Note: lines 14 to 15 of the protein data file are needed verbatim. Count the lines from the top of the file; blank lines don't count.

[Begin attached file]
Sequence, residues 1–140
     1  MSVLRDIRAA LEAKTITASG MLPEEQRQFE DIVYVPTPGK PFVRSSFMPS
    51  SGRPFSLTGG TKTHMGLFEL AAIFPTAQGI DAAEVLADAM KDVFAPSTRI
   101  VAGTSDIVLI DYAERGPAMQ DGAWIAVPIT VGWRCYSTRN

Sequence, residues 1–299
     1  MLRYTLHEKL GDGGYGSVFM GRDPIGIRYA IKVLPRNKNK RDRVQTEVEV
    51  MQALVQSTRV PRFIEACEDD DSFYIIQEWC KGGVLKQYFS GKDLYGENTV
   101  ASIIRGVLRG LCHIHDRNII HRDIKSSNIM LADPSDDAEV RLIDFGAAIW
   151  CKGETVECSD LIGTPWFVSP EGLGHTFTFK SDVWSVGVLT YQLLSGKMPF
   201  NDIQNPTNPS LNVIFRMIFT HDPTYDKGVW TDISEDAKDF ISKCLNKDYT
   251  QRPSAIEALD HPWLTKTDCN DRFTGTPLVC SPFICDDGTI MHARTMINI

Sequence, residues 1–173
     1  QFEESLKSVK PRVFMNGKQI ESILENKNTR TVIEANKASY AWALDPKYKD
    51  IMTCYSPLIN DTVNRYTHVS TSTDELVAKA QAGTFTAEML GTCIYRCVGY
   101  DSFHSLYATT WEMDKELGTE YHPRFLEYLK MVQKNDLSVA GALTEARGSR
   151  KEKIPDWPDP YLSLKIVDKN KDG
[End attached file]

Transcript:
    51  IMTCYSPLIN DTVNRYTHVS TSTDELVAKA QAGTFTAEML GTCIYRCVGY
   101  DSFHSLYATT WEMDKELGTE YHPRFLEYLK MVQKNDLSVA GALTEARGSR